Ether: Ethers have -C-O single bonds.

Ketone: Ketones have -C=O double bonds.

Hybridization of Carbon Atoms

Ether: Ethers may or may not have sp2 hybridized carbon atoms.

Ketone: Ketones essentially have a sp2 hybridized carbon atom per molecule.

Polarity

Ether: Ethers are less polar.

Ketone: Ketones are highly polar.

Conclusion

Organic compounds are essentially composed of carbon and hydrogen atoms along with some other elements. Ethers and ketones are also organic compounds. They are composed of C, H and O atoms. An ether can be distinguished from a ketone by identifying their functional groups. Therefore, the main difference between ether and ketone is that an ether is composed of R-O-R’ functional group whereas a ketone is a compound composed of -R-C(=O)-R’ functional group.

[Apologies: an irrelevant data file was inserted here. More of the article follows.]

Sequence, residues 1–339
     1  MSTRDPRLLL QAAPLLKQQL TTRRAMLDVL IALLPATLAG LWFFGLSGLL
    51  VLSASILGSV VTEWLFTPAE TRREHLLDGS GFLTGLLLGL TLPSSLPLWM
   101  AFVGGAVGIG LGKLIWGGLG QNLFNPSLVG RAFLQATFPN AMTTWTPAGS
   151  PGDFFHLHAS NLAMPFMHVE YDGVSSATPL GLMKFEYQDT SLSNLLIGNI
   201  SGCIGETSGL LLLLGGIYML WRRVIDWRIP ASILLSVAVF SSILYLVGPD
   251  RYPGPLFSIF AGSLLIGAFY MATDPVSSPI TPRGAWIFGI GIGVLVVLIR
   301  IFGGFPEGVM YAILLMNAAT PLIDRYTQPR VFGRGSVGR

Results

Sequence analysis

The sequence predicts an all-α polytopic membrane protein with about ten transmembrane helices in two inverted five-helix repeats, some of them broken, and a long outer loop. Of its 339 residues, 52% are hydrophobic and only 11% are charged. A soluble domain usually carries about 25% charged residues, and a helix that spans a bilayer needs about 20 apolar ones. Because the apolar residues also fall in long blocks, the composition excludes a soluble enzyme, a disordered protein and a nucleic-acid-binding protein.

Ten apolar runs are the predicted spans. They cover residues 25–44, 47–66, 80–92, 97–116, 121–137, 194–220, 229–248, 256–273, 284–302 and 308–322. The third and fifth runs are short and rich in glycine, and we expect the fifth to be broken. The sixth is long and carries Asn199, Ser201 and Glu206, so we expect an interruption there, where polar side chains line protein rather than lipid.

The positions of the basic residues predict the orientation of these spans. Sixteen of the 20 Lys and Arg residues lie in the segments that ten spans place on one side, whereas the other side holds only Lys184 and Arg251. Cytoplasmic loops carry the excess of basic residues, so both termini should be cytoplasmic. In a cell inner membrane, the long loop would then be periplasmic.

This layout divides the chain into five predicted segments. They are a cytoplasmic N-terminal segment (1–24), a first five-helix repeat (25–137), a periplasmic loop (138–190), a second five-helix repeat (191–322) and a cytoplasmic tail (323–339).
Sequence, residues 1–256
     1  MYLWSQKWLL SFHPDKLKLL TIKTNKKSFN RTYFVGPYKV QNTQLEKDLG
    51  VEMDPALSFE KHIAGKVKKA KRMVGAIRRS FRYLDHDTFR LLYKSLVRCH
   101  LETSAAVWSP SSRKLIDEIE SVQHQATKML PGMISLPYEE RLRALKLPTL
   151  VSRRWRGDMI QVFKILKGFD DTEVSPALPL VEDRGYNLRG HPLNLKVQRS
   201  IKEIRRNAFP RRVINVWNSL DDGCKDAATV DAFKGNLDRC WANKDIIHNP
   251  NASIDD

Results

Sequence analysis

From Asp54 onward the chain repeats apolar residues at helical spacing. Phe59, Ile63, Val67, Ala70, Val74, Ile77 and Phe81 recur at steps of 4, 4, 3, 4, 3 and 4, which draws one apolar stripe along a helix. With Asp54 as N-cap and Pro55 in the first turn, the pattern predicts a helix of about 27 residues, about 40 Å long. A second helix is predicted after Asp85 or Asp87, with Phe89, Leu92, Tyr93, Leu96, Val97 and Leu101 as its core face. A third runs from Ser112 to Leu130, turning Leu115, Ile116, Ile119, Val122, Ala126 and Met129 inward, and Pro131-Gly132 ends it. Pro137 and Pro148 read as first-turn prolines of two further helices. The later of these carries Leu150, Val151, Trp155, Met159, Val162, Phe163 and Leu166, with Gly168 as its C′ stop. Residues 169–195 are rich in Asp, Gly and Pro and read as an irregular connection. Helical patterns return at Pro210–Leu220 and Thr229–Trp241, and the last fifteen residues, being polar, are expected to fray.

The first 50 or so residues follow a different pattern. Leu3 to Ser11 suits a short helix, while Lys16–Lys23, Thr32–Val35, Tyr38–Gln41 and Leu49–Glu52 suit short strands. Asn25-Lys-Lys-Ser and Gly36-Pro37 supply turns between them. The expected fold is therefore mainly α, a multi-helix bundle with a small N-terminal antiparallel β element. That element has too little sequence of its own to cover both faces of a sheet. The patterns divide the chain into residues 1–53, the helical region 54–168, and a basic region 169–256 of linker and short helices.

References:

1. Wade, Leroy G. “Ether.” Encyclopædia Britannica, Encyclopædia Britannica, inc., 24 July 2015, .
2. Libretexts. “Physical Properties of Ether.” Chemistry LibreTexts, Libretexts, 5 Dec. 2016, .
3. Libretexts. “Properties of Aldehydes and Ketones.” Chemistry LibreTexts, Libretexts, 6 Aug. 2017, .

Image Courtesy:

1. “Diethyl-ether-2D-flat” (Public Domain) via
2. “Ketone-general” By Nothingserious – Own work (Public Domain) via

About the Author: Madhusha

Madhusha is a BSc (Hons) graduate in the field of Biological Sciences and is currently pursuing for her Masters in Industrial and Environmental Chemistry. Her interest areas for writing and research include Biochemistry and Environmental Chemistry.